A taste of US sporting culture
Two Chinese NFL fans pose with cheerleaders during the Super Bowl party in Beijing on Monday. [PROVIDED TO CHINA DAILY]
A live Super Bowl broadcast, hundreds of fans, NFL players and cheerleaders, interactive games and an American buffet and beers provided authentic 'Super Sunday' experiences in Beijing and Shanghai on Monday.
To celebrate the NFL's crowning event, and further promote the league in China, NFL China held Super Bowl parties at the Kerry hotels in both cities.
The Beijing event was attended by current and former players Reggie Bush, Akin Ayodele and Jack Brewer.
Tickets to the Beijing Super Bowl party were sold out five days ahead of the celebration, and the ballroom was packed with fans well before the game kicked off at 7:30 am.
Supporters of the Baltimore Ravens and the San Francisco 49ers donned their team's jerseys and celebrated the occasion with family and friends.
"This is my first time taking part in such a large party in China to watch the Super Bowl," said Baltimore fan Steven McGirr, an American student at Tsinghua University.
"In America, it's always a great time for families to get together, you get chicken wings, you get beer, you watch your team," said the 25-year-old.
"Coming here in the morning and having breakfast, it's a totally different experience. It's great ... I'm really enjoying it."
With the game's increasing exposure in China, American football has also nurtured some hardcore local fans.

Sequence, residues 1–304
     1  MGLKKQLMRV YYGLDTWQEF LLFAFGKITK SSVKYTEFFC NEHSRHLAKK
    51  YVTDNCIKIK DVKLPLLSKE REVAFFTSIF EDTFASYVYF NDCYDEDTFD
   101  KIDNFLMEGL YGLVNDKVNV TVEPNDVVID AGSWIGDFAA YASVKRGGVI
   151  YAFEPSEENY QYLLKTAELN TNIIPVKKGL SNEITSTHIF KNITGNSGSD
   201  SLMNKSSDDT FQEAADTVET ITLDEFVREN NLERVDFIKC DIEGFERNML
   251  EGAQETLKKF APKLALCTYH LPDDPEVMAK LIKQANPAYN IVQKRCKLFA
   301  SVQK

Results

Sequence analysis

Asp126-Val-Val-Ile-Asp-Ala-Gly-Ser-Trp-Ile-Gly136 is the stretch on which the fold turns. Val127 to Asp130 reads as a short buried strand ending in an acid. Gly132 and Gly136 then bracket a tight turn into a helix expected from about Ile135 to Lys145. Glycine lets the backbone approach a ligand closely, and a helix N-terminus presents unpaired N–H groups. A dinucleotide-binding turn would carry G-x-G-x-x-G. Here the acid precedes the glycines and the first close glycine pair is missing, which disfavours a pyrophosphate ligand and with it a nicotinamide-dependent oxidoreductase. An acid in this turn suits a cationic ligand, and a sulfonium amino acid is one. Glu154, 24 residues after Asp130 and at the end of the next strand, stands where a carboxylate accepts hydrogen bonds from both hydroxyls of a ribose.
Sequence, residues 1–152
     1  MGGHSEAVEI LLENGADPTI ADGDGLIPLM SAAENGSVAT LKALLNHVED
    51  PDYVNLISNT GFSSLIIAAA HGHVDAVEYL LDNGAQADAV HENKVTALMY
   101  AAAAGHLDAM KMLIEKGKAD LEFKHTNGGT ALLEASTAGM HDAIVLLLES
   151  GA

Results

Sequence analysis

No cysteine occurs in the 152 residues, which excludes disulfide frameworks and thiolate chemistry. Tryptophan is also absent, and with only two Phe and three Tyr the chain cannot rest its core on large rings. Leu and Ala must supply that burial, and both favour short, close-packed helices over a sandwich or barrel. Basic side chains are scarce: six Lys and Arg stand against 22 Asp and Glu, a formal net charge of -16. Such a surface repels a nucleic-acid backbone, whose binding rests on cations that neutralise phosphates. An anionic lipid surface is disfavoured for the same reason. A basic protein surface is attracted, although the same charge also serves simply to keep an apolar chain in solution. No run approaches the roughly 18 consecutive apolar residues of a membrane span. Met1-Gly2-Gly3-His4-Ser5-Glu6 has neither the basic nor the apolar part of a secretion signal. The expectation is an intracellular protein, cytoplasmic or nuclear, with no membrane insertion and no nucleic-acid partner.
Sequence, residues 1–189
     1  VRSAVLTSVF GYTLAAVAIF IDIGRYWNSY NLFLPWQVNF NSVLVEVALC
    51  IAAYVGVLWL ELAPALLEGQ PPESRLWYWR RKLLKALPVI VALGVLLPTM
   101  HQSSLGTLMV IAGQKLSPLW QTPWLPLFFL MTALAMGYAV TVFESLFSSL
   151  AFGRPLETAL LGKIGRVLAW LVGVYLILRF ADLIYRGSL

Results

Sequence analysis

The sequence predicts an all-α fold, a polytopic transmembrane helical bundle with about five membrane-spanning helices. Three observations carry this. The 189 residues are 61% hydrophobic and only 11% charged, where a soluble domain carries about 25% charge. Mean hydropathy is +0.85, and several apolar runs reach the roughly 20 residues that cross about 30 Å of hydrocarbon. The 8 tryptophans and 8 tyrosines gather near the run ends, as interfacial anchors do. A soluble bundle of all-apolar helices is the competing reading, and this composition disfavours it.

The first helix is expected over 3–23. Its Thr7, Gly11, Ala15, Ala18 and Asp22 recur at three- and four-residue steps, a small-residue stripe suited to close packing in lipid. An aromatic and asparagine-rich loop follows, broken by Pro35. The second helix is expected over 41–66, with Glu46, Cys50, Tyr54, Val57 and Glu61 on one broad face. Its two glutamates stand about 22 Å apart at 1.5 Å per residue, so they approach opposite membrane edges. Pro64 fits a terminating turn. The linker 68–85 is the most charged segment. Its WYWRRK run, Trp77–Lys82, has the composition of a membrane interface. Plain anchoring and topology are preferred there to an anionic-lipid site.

And the party in Beijing helped provide them with the opportunity to experience the atmosphere of a US Bowl party.
Wang Sha was among the Chinese contingent attending the event. The 28-year-old started watching the NFL in 2006, when CCTV broadcast the league. He began playing flag football, a less violent version of the game, at Beijing's Chaoyang Park in 2011 and has played in at least one game per week since.
"This is my first time watching the Super Bowl in such circumstances and the atmosphere is really cool," said Wang, who participated in the NFL Experience in Beijing last September.
However, the time difference between the US and China is a hindrance to the sport's growth here.
"NFL games normally kick off on Monday or Tuesday morning in China; a time when most Chinese people have to go to work," Wang said.
Ma Hui, who lived in the US for several years, agreed.
"The Super Bowl is a really important annual event in the US, but we in China have to get up so early to get here," she said.
"Today is a work day. I notice many fans here are in their working suits, and I have to think about work while watching the game.
"If the game was held on Friday evening or Saturday morning (China time), it would be a lot more fun," Ma said.
NFL China works with more than 19 regional TV broadcasters and digital media outlets in China to show games and other NFL content. Super Bowl XLVII was simulcast across three regional TV channels, four nationwide satellite broadcasters and streamed live on three major digital platforms.